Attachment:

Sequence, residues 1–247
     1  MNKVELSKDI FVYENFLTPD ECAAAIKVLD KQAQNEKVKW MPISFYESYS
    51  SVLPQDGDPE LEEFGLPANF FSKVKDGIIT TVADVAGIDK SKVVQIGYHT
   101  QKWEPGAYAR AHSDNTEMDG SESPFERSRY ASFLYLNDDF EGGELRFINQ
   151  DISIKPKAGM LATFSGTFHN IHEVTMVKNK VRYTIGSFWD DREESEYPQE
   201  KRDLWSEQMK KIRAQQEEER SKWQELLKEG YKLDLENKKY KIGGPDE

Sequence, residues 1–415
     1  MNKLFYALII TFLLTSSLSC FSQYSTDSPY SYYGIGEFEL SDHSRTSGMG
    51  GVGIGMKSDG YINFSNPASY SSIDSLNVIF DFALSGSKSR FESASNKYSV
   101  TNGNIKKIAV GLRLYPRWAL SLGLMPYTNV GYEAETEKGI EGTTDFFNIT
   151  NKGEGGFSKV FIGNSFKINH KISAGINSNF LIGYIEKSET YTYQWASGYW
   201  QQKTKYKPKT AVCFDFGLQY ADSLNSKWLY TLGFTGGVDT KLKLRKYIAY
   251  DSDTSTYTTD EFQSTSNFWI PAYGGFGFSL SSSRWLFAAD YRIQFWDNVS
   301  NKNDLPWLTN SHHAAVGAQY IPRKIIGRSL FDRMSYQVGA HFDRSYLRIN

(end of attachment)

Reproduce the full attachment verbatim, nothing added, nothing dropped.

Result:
Sequence, residues 1–247
     1  MNKVELSKDI FVYENFLTPD ECAAAIKVLD KQAQNEKVKW MPISFYESYS
    51  SVLPQDGDPE LEEFGLPANF FSKVKDGIIT TVADVAGIDK SKVVQIGYHT
   101  QKWEPGAYAR AHSDNTEMDG SESPFERSRY ASFLYLNDDF EGGELRFINQ
   151  DISIKPKAGM LATFSGTFHN IHEVTMVKNK VRYTIGSFWD DREESEYPQE
   201  KRDLWSEQMK KIRAQQEEER SKWQELLKEG YKLDLENKKY KIGGPDE

Sequence, residues 1–415
     1  MNKLFYALII TFLLTSSLSC FSQYSTDSPY SYYGIGEFEL SDHSRTSGMG
    51  GVGIGMKSDG YINFSNPASY SSIDSLNVIF DFALSGSKSR FESASNKYSV
   101  TNGNIKKIAV GLRLYPRWAL SLGLMPYTNV GYEAETEKGI EGTTDFFNIT
   151  NKGEGGFSKV FIGNSFKINH KISAGINSNF LIGYIEKSET YTYQWASGYW
   201  QQKTKYKPKT AVCFDFGLQY ADSLNSKWLY TLGFTGGVDT KLKLRKYIAY
   251  DSDTSTYTTD EFQSTSNFWI PAYGGFGFSL SSSRWLFAAD YRIQFWDNVS
   301  NKNDLPWLTN SHHAAVGAQY IPRKIIGRSL FDRMSYQVGA HFDRSYLRIN